Showing posts with label custom-view. Show all posts
Showing posts with label custom-view. Show all posts

Sunday, December 29, 2013

Custom Views

We get Custom Views by extending an existing Widget ( Button, EditText, TextView, etc ), something that fits better to the functionality we want to achieve and by defining attributes for that view.

1. By extending a View we now have a Class, whose fully qualified name can be used as an XML tag, to add to the layout file. If the package is com.androidexamples.customviews and my Custom View's Class name is MyEditText then the XML code we are going to add is :



2. Into res/values/attrs.xml inside a <declare-styleable> tag we add the attributes for our view. A valid example could be :

            <attr name=”attr_color” format=”color” />
            <attr name=”attr_firstname” format=”string” />

From now on we can use these attributes either in our layout file as part of our custom View XML tag, or through code.
In order to use them in the layout file we have to first define a custom namespace similar to what android does with its own attributes. The android default namespace is : xmlns:android=" it's defined into the parent element of the layout file.
Respectively our attributes' namespace uses the same format but instead of android we can use whatever name we want ( like “app” or “custom” ) and the schema is defined with our package name instead of the android. So a valid example could be :

Now we can add the “attr_firstname” to the XML in the form : 
                       app:attr_firstname=”Some Random Text”

Through the code we have access to an array that stores each attribute. It is a special container named TypedArray and it can get referenced to the attributes with obtainStyledAttributes().

3. In our Class code it is a common practise to use an init() method to get the attributes and assign initial values to them. This method is then passed to our View's constructor.

4. Then all it's left to do is to override the onDraw() and onMeasure() methods.

By overriding onDraw() we have access to the Canvas object. You can now create your UI for your View. The styling of the elements is done through a Paint object.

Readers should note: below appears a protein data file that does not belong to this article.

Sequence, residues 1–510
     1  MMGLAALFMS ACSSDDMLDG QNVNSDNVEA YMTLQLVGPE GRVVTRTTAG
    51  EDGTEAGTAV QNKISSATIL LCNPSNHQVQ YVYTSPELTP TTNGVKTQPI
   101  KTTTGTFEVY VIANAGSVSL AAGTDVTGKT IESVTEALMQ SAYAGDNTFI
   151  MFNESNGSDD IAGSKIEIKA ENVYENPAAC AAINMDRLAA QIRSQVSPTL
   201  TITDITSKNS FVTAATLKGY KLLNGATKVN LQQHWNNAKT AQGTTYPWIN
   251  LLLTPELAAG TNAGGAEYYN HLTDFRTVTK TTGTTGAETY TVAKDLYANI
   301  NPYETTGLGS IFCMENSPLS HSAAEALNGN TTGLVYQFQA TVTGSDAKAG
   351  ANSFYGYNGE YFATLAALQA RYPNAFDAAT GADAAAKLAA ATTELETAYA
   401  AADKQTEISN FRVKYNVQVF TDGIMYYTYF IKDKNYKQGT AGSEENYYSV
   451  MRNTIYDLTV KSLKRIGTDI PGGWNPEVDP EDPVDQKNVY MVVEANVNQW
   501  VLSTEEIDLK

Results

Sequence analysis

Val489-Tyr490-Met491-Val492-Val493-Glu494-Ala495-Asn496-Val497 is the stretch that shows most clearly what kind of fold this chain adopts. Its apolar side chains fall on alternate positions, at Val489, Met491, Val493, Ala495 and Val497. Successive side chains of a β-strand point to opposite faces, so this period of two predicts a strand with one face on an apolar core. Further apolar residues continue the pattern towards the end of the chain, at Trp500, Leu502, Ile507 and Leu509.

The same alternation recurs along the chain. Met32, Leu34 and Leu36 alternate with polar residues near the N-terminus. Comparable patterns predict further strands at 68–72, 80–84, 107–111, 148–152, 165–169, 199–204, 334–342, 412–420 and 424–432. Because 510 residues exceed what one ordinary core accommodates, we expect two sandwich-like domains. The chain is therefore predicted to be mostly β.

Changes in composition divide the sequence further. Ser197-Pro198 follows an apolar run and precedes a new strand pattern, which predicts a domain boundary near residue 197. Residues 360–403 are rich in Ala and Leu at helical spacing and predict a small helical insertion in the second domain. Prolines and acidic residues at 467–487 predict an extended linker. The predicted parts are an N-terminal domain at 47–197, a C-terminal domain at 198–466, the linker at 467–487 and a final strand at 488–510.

OnMeasure() is called with the width and height specifications from the parent layout element. Those values should be treated as requirements for the restrictions on width and height measurements we will produce.

Some key points you should keep in mind ( otherwise it leads you to hard ) :
  • call recycle() after you get the attributes from TypedArray.
  • Don't create Paint objects inside onDraw() method. Views are redrawn frequently and creating objects inside onDraw() its expensive waste of resources.
  • After every change on our attributes' values we have to call invalidate() so the system will know there might be a change in its appearance and needs to be redrawn.

The code below gives as a custom EditText which uses Paint to underline each line with a light green color.

public class MyEditText extends EditText {

 private Rect mRect;
 private Paint mPaint;
 private int attrColor;
 public MyEditText(Context context) {

 public MyEditText(Context context, AttributeSet attrs) {
  super(context, attrs);
  TypedArray ta = context.obtainStyledAttributes(attrs, R.styleable.MyEditText);
     attrColor = ta.getInteger(R.styleable.MyEditText_attr_color, 0xff00ff00);

 public void init() {
  mRect = new Rect();
  mPaint = new Paint();
  mPaint.setColor(attrColor);    //get value from attr
 protected void onDraw(Canvas canvas) {
  int count = getLineCount();
  Rect r = mRect;
  Paint p = mPaint;
 for(int i=0; i< count; i++)  {
   int baseline = getLineBounds(i, r);
   canvas.drawLine(r.left, baseline + 1, r.right, baseline + 1, p);